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if my function is an immersion and say it is defined on a path connected open of an euclidian space.

immersions are locally injective. if we add the path connectedness could I assert that my immersion is injective? If not I would be grateful to you for giving me a counterexample.

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Think of a periodic parametrization of the figure eight by the reals, for example. –  t.b. May 15 '11 at 2:31

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up vote 2 down vote accepted

$\mathbb{R}$ is path connected, and $f:\mathbb{R}\rightarrow\mathbb{R}^2$ defined by $f(t)=(\cos(t),\sin(t))$ is an immersion because $$d_tf=[-\sin(t)\quad\cos(t)]$$ is never of rank 0, but it is not injective.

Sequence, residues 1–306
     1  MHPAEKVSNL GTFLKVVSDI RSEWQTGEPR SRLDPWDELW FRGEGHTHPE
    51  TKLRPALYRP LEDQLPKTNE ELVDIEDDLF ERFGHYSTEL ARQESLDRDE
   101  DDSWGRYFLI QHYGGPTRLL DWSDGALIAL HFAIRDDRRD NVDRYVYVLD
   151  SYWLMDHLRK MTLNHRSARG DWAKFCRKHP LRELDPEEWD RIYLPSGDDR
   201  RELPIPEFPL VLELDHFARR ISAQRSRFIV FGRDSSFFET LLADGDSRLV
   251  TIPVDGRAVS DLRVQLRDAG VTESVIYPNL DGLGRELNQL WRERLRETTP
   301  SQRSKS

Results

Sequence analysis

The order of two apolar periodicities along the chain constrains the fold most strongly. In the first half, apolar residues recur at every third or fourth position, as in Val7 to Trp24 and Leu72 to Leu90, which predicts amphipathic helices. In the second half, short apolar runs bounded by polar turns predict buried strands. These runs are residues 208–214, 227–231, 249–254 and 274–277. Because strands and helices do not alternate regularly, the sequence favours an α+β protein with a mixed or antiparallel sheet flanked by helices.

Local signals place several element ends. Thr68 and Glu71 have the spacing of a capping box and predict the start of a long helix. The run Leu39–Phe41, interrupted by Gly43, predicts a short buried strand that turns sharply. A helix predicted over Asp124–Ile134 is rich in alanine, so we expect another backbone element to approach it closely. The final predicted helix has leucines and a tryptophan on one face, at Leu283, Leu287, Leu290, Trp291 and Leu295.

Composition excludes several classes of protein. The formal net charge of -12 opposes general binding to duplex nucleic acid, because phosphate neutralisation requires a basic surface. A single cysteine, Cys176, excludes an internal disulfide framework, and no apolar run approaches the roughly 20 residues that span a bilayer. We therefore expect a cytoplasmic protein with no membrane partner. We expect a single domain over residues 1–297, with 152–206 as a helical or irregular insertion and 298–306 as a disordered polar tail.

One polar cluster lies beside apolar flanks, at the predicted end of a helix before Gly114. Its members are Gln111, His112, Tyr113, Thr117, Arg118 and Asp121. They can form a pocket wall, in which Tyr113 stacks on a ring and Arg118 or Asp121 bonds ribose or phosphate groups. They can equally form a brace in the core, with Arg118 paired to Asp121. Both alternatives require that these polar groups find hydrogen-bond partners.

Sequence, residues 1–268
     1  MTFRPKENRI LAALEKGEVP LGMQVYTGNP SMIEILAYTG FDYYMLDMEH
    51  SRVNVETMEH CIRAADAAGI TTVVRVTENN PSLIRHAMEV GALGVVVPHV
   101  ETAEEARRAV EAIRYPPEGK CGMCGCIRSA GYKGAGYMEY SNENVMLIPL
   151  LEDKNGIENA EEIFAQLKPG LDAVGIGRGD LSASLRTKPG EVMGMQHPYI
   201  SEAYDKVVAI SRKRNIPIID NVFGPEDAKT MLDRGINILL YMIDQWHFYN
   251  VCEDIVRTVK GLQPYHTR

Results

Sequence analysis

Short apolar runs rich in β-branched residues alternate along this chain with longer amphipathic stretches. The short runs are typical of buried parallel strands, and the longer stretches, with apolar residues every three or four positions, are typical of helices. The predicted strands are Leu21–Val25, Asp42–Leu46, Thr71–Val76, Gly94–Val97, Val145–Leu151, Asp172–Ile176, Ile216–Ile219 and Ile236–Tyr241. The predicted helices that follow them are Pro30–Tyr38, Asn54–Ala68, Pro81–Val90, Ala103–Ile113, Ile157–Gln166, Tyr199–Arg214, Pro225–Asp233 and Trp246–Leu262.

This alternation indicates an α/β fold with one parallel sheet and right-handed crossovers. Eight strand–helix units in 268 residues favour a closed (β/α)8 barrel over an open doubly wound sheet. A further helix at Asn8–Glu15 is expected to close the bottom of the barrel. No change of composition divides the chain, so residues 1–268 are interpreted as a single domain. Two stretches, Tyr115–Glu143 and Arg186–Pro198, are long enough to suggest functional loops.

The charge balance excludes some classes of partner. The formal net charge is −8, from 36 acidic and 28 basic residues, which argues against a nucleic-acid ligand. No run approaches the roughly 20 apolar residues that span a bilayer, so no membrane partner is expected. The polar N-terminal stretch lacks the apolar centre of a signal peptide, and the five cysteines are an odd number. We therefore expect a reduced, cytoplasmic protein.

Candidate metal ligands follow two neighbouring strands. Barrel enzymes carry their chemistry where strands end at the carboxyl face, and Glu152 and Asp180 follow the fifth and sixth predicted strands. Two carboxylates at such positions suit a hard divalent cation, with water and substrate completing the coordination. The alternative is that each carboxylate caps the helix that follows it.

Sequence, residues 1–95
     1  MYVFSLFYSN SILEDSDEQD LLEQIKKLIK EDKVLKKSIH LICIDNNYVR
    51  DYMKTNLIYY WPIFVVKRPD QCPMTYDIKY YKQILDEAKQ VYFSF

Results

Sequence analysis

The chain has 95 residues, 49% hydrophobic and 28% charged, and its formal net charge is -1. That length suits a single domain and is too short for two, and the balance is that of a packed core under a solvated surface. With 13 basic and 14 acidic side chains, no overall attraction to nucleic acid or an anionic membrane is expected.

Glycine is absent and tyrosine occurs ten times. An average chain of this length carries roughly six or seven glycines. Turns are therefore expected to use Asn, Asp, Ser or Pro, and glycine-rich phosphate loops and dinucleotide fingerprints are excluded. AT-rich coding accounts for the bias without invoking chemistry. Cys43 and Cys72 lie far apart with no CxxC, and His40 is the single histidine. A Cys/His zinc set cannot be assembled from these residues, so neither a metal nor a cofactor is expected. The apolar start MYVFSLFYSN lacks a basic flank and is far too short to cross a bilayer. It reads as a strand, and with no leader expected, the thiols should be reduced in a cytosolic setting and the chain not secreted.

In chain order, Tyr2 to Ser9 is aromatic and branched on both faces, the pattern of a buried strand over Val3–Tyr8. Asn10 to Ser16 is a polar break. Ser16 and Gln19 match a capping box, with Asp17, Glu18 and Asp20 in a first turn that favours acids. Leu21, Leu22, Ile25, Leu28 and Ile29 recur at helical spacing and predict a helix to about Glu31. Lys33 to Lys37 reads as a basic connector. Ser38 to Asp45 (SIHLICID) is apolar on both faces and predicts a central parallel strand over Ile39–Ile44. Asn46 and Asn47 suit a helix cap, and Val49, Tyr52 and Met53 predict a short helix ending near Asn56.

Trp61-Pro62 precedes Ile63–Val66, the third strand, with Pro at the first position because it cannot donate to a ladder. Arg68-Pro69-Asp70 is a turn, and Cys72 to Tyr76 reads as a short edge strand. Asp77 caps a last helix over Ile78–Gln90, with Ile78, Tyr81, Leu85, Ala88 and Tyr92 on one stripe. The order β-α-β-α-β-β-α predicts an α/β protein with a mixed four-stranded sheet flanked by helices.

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Of course, I agree, but the downside of this example is that the image still is an embedded submanifold, so it fails to exhibit one important feature of immersions, namely that you get an embedded manifold locally, but not globally. –  t.b. May 15 '11 at 2:36
I can see where my confusion comes from: usually when we have a property P that is locally verified in a connected space and if we prove that P is true on an open and closed part of a space then P is valid on the whole space –  El Moro May 15 '11 at 2:37

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